That meant a lot, because McCoy's 2012 season wasn't easy. Directly after signing a lucrative long-term contract, the Pro Bowl back reached the 100-yard mark only three times in 12 starts while missing a quarter of the season due to a concussion.
There was no doubt now, though, that Shady was back. He'd go on to lead the NFL with 1,607 rushing yards and 2,146 yards from scrimmage, often carrying the Philly offense on his back in big moments. He finished the year averaging a ridiculous 5.9 yards per carry in the fourth quarter of one-score games.
|LeSean McCoy: 2012 to 2013|
|Yards (rank)||YPA (rank)*||TD (rank)|
|2012||840 (19th)||4.2 (19th)||2 (52nd)|
|2013||1607 (1st)||5.1 (2nd)||9 (6th)|
|* min. 200 carries (Pro Football Reference)|
As good as the system is and as well as Brown played, the Eagles wouldn't have come close to the 2013 playoffs without Shady McCoy.
Oct. 6, 2013: The Nick Foles Era Begins
We'll never know where Michael Vick would have led this Eagles team had he not suffered a hamstring injury against the Giants in Week 5, but I don't think we want to know. Nick Foles took over from there and put together the best statistical season in franchise history.
The 2012 third-round pick out of Arizona looked like a completely different player than the guy who posted a mediocre 72.6 passer rating while losing a quarterback battle with Vick in the preseason. He played well in relief of Vick that day, dominated the Buccaneers the next week and—after stumbling against the Cowboys and missing the next game due to injury—never looked back.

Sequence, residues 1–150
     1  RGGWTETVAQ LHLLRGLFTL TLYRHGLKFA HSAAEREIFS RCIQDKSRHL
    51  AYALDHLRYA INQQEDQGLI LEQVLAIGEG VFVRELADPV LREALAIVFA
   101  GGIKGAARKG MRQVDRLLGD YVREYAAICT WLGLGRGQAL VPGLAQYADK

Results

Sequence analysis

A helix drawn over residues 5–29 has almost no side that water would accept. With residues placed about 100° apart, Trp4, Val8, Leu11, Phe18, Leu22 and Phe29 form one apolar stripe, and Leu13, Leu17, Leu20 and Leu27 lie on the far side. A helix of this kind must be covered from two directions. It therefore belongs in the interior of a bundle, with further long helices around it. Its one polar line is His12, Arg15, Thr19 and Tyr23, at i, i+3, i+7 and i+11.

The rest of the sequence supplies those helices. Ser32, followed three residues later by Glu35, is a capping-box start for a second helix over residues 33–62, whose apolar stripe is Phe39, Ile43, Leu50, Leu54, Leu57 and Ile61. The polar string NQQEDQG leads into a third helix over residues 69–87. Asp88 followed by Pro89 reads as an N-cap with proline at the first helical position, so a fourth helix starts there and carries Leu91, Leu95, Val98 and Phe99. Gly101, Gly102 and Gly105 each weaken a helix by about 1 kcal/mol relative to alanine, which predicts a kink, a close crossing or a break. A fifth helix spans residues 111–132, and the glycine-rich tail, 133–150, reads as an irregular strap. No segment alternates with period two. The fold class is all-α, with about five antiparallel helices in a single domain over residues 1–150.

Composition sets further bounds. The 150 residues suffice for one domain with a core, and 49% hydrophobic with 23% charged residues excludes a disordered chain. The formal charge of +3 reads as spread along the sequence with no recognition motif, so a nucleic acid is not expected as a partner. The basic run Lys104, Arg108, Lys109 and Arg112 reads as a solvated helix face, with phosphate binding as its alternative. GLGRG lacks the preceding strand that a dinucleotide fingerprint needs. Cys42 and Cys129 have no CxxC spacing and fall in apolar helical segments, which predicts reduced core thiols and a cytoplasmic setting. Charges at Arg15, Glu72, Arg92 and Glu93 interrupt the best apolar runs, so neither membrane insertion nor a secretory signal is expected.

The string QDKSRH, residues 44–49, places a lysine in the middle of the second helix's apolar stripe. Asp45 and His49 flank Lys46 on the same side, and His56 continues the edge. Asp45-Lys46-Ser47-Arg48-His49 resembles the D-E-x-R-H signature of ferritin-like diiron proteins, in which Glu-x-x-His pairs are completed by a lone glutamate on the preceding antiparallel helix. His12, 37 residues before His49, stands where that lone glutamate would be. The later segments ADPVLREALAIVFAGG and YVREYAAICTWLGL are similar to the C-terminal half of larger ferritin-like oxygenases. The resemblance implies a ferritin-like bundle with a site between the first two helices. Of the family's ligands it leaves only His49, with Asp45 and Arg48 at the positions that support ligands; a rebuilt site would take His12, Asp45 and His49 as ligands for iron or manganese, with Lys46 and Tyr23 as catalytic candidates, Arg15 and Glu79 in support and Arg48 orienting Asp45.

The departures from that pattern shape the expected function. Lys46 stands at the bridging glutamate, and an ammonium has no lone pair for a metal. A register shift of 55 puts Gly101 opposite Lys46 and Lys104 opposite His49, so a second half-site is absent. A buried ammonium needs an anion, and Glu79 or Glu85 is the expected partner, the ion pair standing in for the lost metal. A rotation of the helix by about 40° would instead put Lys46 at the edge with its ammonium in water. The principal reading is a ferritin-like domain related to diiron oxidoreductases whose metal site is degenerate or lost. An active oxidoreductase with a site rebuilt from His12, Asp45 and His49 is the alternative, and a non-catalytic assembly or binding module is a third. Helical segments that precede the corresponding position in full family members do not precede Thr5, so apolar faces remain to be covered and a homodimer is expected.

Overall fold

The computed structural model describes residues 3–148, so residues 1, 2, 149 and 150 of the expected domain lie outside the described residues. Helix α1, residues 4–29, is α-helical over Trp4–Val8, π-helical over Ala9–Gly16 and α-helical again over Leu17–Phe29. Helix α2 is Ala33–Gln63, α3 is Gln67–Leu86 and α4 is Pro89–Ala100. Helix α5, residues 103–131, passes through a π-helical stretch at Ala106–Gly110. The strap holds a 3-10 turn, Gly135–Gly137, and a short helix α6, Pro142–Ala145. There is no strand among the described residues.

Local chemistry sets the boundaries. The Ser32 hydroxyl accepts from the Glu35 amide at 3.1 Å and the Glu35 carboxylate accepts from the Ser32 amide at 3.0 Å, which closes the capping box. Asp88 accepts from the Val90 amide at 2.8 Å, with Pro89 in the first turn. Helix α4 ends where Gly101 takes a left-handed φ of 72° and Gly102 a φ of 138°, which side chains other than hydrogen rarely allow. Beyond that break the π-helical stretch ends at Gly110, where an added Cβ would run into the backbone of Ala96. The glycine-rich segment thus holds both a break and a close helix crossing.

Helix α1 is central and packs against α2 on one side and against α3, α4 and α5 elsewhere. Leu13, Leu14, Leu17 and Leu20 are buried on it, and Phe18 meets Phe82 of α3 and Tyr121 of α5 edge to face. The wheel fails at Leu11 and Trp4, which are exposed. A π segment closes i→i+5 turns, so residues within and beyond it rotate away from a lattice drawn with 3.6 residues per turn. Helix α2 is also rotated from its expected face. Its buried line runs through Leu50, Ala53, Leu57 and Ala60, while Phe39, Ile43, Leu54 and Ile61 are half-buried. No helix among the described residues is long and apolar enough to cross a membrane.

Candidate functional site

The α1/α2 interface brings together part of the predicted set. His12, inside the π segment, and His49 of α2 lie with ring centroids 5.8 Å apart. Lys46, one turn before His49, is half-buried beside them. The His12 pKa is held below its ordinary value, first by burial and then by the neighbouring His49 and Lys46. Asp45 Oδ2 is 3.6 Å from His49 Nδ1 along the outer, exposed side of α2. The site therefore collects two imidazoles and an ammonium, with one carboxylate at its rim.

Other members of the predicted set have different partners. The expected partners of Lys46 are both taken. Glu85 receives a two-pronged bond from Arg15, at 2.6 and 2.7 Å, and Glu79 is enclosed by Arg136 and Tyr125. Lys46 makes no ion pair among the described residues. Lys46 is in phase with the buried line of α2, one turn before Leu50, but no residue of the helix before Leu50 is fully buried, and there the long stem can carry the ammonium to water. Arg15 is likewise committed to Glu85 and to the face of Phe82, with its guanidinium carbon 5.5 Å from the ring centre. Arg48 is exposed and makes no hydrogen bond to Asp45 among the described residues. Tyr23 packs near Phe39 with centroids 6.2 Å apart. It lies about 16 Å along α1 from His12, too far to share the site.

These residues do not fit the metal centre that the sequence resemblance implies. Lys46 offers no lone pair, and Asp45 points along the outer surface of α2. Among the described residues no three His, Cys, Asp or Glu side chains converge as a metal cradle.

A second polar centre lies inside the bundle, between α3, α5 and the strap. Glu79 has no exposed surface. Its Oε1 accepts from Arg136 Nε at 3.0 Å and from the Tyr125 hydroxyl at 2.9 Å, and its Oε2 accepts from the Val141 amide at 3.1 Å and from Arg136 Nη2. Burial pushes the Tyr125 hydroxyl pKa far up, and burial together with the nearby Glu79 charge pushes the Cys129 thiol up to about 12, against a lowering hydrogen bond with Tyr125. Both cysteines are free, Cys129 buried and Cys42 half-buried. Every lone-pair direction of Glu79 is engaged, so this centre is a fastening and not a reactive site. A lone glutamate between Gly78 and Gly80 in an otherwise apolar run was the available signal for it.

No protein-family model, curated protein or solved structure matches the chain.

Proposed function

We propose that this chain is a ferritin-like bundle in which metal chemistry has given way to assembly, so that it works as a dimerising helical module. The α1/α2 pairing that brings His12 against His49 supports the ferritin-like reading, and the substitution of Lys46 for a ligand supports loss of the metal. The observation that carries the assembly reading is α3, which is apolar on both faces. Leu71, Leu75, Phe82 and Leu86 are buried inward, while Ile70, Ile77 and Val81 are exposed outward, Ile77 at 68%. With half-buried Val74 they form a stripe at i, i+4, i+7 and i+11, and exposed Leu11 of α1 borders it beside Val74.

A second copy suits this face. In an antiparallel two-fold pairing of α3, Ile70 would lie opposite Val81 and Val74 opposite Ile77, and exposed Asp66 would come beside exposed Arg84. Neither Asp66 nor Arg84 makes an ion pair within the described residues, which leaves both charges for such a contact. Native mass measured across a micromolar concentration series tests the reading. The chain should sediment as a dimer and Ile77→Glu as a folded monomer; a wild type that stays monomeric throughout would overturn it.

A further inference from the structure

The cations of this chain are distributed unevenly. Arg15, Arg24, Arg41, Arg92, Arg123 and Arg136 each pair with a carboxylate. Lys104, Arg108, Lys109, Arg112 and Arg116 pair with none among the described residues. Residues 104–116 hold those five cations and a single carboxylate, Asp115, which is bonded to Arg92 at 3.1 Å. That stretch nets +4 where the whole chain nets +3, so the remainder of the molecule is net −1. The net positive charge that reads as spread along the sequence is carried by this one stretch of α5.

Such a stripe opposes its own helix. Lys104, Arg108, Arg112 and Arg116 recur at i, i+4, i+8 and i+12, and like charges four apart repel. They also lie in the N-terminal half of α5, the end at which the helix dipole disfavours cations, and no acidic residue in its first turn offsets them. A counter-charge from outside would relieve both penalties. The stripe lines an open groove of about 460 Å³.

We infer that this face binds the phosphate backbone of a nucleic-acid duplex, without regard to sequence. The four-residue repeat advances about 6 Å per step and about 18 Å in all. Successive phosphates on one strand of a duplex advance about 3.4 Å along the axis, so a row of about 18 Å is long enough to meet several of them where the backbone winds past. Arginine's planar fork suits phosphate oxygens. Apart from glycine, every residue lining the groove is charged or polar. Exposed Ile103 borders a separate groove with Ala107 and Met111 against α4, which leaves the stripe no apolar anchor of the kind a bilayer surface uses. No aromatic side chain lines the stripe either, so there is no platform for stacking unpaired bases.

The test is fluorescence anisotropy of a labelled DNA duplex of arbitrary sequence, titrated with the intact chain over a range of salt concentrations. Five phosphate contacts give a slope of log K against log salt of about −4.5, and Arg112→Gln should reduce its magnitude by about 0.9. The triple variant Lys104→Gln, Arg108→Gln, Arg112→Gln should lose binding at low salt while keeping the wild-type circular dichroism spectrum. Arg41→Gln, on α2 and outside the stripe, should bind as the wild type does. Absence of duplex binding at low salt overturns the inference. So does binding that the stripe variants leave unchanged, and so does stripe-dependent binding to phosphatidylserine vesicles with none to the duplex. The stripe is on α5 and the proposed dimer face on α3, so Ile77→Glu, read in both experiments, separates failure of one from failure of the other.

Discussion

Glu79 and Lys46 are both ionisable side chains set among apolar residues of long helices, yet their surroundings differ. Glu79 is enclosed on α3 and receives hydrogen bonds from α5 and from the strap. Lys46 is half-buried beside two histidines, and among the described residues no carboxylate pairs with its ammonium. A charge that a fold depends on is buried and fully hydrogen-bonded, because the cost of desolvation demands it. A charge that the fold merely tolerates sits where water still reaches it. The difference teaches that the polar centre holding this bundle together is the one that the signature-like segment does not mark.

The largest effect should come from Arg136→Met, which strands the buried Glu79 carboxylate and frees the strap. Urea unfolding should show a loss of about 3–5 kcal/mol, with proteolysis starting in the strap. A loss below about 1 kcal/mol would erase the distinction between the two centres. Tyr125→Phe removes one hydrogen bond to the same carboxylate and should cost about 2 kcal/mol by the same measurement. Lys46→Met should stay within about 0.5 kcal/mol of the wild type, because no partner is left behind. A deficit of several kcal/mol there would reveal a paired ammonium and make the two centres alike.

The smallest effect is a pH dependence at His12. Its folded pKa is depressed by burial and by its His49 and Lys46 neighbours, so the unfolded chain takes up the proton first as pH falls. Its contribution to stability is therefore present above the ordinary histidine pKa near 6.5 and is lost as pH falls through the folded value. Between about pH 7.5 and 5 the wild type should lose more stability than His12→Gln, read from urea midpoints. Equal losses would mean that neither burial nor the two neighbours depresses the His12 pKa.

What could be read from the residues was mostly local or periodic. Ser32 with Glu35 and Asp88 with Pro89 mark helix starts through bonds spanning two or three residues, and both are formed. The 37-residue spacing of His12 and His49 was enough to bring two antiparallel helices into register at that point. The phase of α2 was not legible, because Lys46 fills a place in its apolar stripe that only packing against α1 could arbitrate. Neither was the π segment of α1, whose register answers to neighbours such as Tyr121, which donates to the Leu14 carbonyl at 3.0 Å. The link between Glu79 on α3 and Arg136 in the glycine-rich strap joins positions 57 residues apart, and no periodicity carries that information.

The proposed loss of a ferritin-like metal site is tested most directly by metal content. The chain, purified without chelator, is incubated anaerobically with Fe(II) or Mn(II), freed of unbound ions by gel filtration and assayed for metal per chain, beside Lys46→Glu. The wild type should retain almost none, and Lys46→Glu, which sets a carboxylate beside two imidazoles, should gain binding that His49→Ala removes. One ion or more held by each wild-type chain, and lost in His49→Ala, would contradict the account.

Foles finished with the third-highest passer rating in NFL history and the top yards-per-attempt average in the league while becoming the first quarterback in the history of professional football to throw more than 25 touchdown passes and fewer than three interceptions (only Tom Brady has been better than 25 and 5; Foles finished at 27 and 3).
|Nick Foles, 2013|
|All time rank||3rd||19th||3rd|
|Pro Football Reference|
The Eagles basically stumbled upon their new franchise quarterback, and now the Vick era is probably over.
Oct. 20, 2013: Bill Davis' Defense Turns a Corner, Never Looks Back
It ain't easy switching from a 4-3 to a 3-4 or vice versa, especially when we're talking about a defensive unit that gave up 27.8 points per game last year, ranking 29th in football. And so the month of September wasn't good to the Eagles on that side of the ball.
During that 1-3 start to the year, only the Giants defense surrendered more points than the Eagles. They had three takeaways against the 'Skins in Week 1 but only two in their next three games. It looked like 2012 all over again, but then everything began to change in October.
They held the struggling Giants and Bucs to just 41 total points in Weeks 5 and 6, which was nice but not mind-blowing. The real breakout performance from this D actually came in a Week 7 loss to the Dallas Cowboys. That day, Foles struggled mightily, but the defense kept Philly in the game against a very talented Dallas offense.
Through three quarters, they gave up only 10 points, getting interceptions from Earl Wolff and DeMeco Ryans. It's amazing that they stuck with the 'Boys all day despite how poorly the offense performed.
Ultimately, the Eagles gave up 17 points in that game. The next week, they held the Giants out of the end zone. And between then and the end of the year, they surrendered more than 22 points in a game on only one occasion.
Ultimately, the big difference was the killer instinct that came from guys like Williams, Boykin, Kendricks, Barwin and Trent Cole. One year after finishing tied for last in the league with only 13 takeaways, the Eagles ranked third in the NFL with 31 turnovers forced in 2013.